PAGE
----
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What is a glioblastoma?

A glioblastoma is the most common high grade primary brain tumour in adults. It rarely occurs in children.

It’s normal to feel shocked if you or someone you know has recently been diagnosed with a glioblastoma. Our Support and Information team can help you answer any questions you may have or provide a listening ear if you need one.

What is a glioblastoma?

Glioblastomas are grade 4 brain tumours and are sometimes called glioblastoma multiforme, GBM, GBM4 or a grade 4 astrocytoma. They’re:

  • fast growing
  • diffuse - meaning they have threadlike tendrils that extend into other parts of the brain
  • likely to spread within the brain
  • may come back, even if intensively treated
  • sometimes called malignant or cancerous.

Glioblastomas are a type of glioma, which is a brain tumour that grows from a glial cell.

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Track how you feel

Being diagnosed with a glioblastoma can be overwhelming. Use BRIAN’s quality-of-life tracker to monitor how you feel and the symptoms you have. Then share this with your loved ones and healthcare team to show what you most need support with.

Track how you feel

BRIAN is our trusted online app where you can track your experience, compare it with others who’ve been there and get the knowledge you need to make informed decisions.

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What are the symptoms of a glioblastoma?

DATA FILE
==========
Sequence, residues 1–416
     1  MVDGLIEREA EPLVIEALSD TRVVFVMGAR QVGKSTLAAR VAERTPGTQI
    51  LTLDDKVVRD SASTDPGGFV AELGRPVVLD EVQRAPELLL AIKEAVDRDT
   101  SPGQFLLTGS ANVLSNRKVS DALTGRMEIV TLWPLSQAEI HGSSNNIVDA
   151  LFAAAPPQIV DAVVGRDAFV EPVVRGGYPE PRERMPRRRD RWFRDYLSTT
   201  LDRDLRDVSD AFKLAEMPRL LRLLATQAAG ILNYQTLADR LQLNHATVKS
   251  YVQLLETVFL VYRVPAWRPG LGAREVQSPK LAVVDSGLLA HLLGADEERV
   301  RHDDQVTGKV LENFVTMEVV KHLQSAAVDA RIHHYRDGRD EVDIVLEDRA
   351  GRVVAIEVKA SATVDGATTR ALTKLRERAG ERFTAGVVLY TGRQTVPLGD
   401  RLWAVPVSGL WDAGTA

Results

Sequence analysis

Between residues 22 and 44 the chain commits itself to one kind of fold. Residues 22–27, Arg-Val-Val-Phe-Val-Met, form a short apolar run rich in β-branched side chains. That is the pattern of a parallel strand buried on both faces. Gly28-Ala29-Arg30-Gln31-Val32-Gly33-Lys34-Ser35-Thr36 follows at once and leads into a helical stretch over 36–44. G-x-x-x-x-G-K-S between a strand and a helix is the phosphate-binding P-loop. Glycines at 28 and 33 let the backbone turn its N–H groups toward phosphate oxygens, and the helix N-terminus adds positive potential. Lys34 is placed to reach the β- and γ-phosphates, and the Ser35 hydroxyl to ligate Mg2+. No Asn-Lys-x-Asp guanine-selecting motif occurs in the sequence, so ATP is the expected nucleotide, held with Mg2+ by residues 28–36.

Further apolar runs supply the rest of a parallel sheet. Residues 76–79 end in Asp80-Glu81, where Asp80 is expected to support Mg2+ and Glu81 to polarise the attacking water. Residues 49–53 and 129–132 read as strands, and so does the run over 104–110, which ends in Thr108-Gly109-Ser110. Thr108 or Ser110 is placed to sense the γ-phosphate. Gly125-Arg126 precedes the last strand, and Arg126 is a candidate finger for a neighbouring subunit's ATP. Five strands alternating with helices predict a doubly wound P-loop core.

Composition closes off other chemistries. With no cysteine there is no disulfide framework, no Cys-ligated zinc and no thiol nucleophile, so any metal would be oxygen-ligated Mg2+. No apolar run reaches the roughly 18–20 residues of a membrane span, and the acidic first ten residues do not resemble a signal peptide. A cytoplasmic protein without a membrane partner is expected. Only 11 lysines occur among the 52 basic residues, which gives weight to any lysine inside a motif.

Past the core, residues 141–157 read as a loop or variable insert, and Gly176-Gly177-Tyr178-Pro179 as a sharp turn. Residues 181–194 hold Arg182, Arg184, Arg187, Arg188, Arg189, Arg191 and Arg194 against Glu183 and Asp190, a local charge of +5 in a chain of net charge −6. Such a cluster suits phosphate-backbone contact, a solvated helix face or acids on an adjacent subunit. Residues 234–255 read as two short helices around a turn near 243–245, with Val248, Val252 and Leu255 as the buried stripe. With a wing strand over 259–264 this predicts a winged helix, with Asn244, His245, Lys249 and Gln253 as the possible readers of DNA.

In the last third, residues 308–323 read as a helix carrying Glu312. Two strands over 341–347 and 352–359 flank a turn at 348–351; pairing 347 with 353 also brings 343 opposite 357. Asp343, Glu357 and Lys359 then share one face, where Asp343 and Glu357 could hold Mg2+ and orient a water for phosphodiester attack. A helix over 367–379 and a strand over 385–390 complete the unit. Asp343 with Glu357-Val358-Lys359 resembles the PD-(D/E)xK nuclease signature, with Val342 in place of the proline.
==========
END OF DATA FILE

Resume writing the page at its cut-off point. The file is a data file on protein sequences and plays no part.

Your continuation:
Different parts of the brain control different functions, so the symptoms you experience will depend partly on where the tumour is within your brain. It will also depend on the treatment you receive.

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How are glioblastomas treated?

Generally, if you’re well enough, neurosurgery will be performed to remove as much of the tumour as possible. 

Once your wound has healed, you may also receive chemotherapy, radiotherapy or both.

Before surgery, you may want to ask your healthcare team about:

  • 5-ALA. A surgical aid that can help surgeons remove more of a tumour
  • biobanking. A method of storing a sample of your tumour for future research.
  • clinical trials. Experiments into new ways of treating brain tumours.

Find out more

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What causes glioblastomas?

As with most brain tumours, it’s not known why glioblastomas start growing, although we do understand some of the risk factors involved.

It’s important to know that there is nothing you could have done, or avoided doing, that would have caused you or somebody you know to develop a brain tumour.

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How long can I live with a glioblastoma?

Nobody can be absolutely certain about what will happen to you following a diagnosis of a brain tumour.

Your healthcare team may give you a prognosis, which is an estimate based on your tumour type and current situation. However, they won't be able to predict other factors, such as how well you might respond to treatment.

Glioblastoma prognosis

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Get support

If you need someone to talk to or advice on where to get help, our Support and Information team is available by phone, email or live-chat.

Share your experiences and help create change

By taking part in our Improving Brain Tumour Care surveys and sharing your experiences, you can help us improve treatment and care for everyone affected by a brain tumour.

If you have further questions, need to clarify any of the information on this page, or want to find out more about research and clinical trials, please contact our team:

Support and Information Services

0808 800 0004 (free from landlines and mobiles)

support@thebraintumourcharity.org

Phone lines open Mon-Fri, 09:00-17:00

You can also join our active online community - Join our online support groups.